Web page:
Postgrad Lives: 'It's a hefty fee. So I'm working part-time to pay for it'

Marilena Gill, 34, is studying part-time for an MSc in environmental health at the University of the West of England (UWE) in Bristol.

How did you come to do this course?

I graduated in 1999 with a food science degree from Plymouth University, worked for two years for a food research organisation, and then had six years off bringing up two children. After that, I got a job in the environmental health department at Teignmouth district council in Devon, which involved accompanying environmental health officers when they did food inspections at cafés, restaurants and old people's homes. Through working there, I realised that I wanted to be an environmental health officer myself, but I knew that I had to get a Masters first.

How do you organise your week?

The university's about 100 miles from where I live; but, being a part-time student, I only have to go there once a week. I leave home at 6.30am, and get back at 7.30pm. On the other four days of the week, I work part-time, so the day at university is a bit like my life before children: a sort of "being-me" day.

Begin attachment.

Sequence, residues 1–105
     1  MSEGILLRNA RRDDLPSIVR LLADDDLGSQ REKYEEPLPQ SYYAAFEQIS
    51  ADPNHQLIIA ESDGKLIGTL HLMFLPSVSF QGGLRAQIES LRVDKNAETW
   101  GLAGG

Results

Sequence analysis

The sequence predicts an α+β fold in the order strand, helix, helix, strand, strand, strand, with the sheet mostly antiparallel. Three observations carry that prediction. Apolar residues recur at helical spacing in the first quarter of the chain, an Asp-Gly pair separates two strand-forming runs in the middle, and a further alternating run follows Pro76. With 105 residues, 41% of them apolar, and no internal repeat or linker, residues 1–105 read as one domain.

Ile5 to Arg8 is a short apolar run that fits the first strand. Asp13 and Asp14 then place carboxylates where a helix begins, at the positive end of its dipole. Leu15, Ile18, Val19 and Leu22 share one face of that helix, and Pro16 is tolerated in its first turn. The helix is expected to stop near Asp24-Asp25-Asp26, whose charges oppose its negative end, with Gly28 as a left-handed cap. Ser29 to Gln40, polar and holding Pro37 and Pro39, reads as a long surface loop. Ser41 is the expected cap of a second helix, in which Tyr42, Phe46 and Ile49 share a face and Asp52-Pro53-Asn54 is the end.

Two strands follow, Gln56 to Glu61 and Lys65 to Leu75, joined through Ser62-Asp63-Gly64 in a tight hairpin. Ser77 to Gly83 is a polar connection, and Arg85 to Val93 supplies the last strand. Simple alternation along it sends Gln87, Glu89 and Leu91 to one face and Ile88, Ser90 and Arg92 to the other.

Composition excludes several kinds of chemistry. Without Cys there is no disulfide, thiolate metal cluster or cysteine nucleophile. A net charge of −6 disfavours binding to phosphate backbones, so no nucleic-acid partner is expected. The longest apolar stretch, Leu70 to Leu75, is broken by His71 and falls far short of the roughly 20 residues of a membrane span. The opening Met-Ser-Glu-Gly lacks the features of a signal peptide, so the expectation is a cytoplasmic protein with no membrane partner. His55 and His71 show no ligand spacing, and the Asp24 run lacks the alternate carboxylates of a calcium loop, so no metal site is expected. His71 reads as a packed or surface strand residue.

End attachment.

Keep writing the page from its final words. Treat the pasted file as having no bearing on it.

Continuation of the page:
What's the course content?

It covers all elements of environmental health – food safety, some health and safety, pollution control, including noise pollution, and some health aspects of local authority and private landlord housing. It's a combination of responding to complaints from the public, and doing what organisations, such as the Food Standards Agency, say needs to be done.

How's the Masters structured?

Because I'm doing it part-time, it's two years of lectures, essay writing, exams and vivas, and I have the third year to write my dissertation. But there are practical elements as well – for example, we recently had to inspect a fish to say whether it was fit for human consumption.

What's your dissertation going to be on?

It'll probably be something to do with food, and I'm hoping to work with former colleagues at Teignmouth district council. I'd like to research something that will help them as well as me.

How are you funding the course?

By myself. It's a hefty fee: about £6,000 over three years. And I've not been able to find any support. So I'm working part-time in an admin job to pay for it, but I'm allowed to spread the payment over three years. I'm hoping this will show how determined I am to be an environmental health officer.

What next?

After the Masters, I'll have to try to find a placement to accumulate and record practical experience in the different areas of environmental health. This has to be approved by the Chartered Institute of Environmental Health. By 2013, I hope that I might be an environmental health officer.

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